I didn't tell Tom before, but I did confess when we arrived that I didn't care for oysters, but as I had seen the choices on the menu, I knew I'd have no problem finding something I liked. Or should I say loved? I opted for the New Bedford Sea Scallops with tartar sauce and french fries and did I ever make a wise decision. These scallops were as delicious and as flavorful as I've ever had and along with Tom's selection of oysters followed by a Po' Boy sandwich, we were both as satisfied as two hungry journalists could be on a cold winter's day. We were tasting Italian wine all day long, so Tom suggested we try a Muscadet, which I approved, as I love the wine, but rarely try any examples these days. The bottling was the Domaine de la Grenaudiere "La Grenouille" from the outstanding 2009 vintage. Displaying excellent freshness, earthiness and a light minerality, this was an ideal partner for our food. Sitting at the bar made this meal seem just a little more inviting, though I'd sit on the floor for seafood this good!
Raw Seafood Salad, Felidia
Finally there was my farewell dinner at Felidia on East 58th Street with my friend Filippo Antonelli and his teen-age son. I've known Antonelli for several years and have visited his winery in the Umbria region, where he is one of the leaders in producing the wonderful Sagrantino di Montefalco in a traditional style. Filippo emailed me a few weeks before arriving in New York and invited me to dinner, letting me select the restaurant (what a guy!)
That's a great invitation for any big city, but especially in New York, and while I had literally hundreds of choices, my first inclination was to opt for one of Lidia and Joseph Bastianich's restaurants. Between them, they operate more than a dozen eateries in New York City alone and I've been dazzled by previous meals at Babbo and Del Posto. As I hadn't dined at Felidia before, that was my choice, which Signore Antonelli happily accepted.
I came in with high expectations and to my delight, every one of them was met and even succeeded. Naturally the freshness of the ingredients is quite special, so combine that with the amazing creativity in the kitchen (Fortunato Nicotra is the executive chef) and you've got the recipe for an amazing meal. Fresh octopus (polipo) and veal cheeks were tantalizing and perfectly cooked, as were all the pastas. Of these, the most delightful was the cacao ravioli (yes, cacao) stuffed with butternut squash and served with an amaretto cookie, which you could grate on top of the ravioli. What an array of flavors in this dish and how delicate at the same time.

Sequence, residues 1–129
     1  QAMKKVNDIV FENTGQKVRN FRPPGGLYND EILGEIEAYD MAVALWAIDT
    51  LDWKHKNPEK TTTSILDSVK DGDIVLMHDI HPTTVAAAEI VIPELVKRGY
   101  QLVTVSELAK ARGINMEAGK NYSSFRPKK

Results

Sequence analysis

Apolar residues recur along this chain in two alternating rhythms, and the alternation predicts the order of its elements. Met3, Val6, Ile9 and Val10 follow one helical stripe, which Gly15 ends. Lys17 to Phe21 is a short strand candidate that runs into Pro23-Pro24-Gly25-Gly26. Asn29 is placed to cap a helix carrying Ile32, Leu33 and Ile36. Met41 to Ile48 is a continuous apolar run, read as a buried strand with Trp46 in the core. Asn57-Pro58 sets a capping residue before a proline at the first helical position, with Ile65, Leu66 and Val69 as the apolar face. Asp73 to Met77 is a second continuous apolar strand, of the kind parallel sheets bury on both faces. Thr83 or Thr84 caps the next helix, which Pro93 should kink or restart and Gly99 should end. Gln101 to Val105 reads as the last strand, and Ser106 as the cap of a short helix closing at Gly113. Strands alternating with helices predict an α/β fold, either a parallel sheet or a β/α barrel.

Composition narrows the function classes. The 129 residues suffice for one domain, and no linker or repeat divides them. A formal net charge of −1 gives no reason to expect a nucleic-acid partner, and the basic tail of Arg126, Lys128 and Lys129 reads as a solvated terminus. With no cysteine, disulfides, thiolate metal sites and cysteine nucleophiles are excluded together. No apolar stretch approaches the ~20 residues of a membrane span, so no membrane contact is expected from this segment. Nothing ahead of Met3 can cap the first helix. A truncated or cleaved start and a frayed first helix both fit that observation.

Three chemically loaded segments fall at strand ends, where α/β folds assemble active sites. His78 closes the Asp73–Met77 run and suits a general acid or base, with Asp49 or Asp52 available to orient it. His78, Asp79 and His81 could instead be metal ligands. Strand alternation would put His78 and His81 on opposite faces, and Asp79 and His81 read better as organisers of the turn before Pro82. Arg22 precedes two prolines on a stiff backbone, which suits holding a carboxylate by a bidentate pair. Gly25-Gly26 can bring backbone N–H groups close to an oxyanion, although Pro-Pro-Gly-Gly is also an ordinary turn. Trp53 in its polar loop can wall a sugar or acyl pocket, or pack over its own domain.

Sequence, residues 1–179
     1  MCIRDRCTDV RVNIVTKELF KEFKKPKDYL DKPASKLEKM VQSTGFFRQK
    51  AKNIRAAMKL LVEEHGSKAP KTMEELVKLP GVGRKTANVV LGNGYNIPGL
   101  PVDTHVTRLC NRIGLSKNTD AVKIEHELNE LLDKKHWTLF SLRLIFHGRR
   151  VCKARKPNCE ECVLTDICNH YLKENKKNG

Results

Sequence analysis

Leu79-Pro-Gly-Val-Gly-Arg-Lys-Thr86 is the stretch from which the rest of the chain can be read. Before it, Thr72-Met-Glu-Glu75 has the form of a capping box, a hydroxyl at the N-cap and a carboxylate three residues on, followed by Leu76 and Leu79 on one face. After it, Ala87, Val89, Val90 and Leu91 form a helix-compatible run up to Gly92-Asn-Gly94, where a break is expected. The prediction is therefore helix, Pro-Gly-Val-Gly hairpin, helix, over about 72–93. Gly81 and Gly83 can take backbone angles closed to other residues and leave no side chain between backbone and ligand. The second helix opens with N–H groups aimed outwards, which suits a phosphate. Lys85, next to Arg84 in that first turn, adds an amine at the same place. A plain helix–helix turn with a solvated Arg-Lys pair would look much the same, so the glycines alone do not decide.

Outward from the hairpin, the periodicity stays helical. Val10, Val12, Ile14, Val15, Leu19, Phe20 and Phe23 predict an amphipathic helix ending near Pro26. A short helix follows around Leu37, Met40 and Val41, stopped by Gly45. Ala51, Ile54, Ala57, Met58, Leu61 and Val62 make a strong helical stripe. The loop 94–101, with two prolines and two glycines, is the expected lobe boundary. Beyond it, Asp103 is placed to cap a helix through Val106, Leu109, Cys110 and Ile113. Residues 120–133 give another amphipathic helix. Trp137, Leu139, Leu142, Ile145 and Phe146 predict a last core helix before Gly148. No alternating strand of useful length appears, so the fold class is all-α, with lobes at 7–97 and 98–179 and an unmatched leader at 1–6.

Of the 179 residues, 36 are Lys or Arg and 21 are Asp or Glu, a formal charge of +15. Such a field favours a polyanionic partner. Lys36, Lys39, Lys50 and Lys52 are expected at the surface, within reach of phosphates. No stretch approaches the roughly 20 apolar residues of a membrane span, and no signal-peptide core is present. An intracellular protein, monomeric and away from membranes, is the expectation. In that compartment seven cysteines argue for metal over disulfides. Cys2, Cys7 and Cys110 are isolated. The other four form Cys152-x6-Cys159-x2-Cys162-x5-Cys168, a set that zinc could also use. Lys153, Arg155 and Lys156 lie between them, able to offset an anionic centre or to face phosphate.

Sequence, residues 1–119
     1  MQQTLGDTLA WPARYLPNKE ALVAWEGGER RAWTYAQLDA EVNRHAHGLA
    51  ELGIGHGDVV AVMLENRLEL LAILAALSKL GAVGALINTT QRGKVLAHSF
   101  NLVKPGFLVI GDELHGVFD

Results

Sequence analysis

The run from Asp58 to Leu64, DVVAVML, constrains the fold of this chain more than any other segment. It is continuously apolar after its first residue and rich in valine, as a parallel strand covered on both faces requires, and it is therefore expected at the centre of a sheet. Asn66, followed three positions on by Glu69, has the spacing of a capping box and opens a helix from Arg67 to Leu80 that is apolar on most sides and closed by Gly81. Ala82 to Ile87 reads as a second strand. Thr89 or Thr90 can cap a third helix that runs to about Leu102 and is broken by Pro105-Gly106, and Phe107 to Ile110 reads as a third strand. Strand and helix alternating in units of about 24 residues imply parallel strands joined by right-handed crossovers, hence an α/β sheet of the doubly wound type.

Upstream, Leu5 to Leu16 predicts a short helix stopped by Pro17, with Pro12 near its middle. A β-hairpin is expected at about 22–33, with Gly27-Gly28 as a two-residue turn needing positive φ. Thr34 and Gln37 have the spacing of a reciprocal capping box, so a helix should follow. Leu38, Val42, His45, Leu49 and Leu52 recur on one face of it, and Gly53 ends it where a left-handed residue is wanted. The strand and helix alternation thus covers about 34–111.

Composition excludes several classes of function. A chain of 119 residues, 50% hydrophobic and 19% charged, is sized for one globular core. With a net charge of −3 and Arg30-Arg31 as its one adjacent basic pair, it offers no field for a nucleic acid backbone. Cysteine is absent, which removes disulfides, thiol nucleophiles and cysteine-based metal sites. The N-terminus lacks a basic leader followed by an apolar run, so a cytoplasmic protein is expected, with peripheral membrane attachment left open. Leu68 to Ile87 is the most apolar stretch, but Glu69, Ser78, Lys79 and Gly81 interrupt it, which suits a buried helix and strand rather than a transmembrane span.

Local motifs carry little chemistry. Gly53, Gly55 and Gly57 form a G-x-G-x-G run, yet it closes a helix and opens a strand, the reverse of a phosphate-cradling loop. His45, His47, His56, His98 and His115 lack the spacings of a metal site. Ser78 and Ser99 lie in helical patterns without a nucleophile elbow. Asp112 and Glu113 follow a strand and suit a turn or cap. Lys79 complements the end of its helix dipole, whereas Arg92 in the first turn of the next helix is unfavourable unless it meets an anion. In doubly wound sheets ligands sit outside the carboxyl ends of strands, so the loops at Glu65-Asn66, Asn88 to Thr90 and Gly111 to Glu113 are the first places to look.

The wine program is excellent (more on that in a future post) and the list covers the Italian peninsula with great complexity (though not as in depth as the incredible list at Del Posto). It's always nice when one wine jumps off the list and for me that night, it was the 1999 Cavallotto Barolo Bricco Boschis, one of my favorite wines from one of the great producers in Piemonte. Elegant and supple with deep concentration, the wine showed beautifully with the meal, yet still promises several years of pleasure ahead.
The service at Felidia was outstanding in every respect. The tables were cleared in an orderly, polite fashion and we never had to wait too long for the next dish. The front end manager was kind enough to warn us about the ice and slippery conditions outside, as a serious blizzrd was underway that evening. It's little things like this that elevate a restaurant from very good to outstanding service; you're treated with great respect here and who doesn't treasure that?
So a great few days in Manhattan, wine and food wise. People ask me all the time if I can make any money at what I'm doing and I usually laugh and tell them that's a great question. But I can assuredly say that I'm having a great time doing what I'm doing.
Next week, more of the same in Toscana - both in Firenze and Montalcino. I'm already thinking about the first dinner!